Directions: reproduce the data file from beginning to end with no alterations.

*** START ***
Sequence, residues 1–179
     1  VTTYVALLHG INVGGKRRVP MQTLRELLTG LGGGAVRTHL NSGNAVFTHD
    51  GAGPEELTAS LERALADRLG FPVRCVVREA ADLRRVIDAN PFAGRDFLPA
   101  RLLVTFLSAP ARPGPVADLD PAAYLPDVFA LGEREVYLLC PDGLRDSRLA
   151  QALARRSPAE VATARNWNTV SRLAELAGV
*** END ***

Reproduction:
Sequence, residues 1–179
     1  VTTYVALLHG INVGGKRRVP MQTLRELLTG LGGGAVRTHL NSGNAVFTHD
    51  GAGPEELTAS LERALADRLG FPVRCVVREA ADLRRVIDAN PFAGRDFLPA
   101  RLLVTFLSAP ARPGPVADLD PAAYLPDVFA LGEREVYLLC PDGLRDSRLA
   151  QALARRSPAE VATARNWNTV SRLAELAGV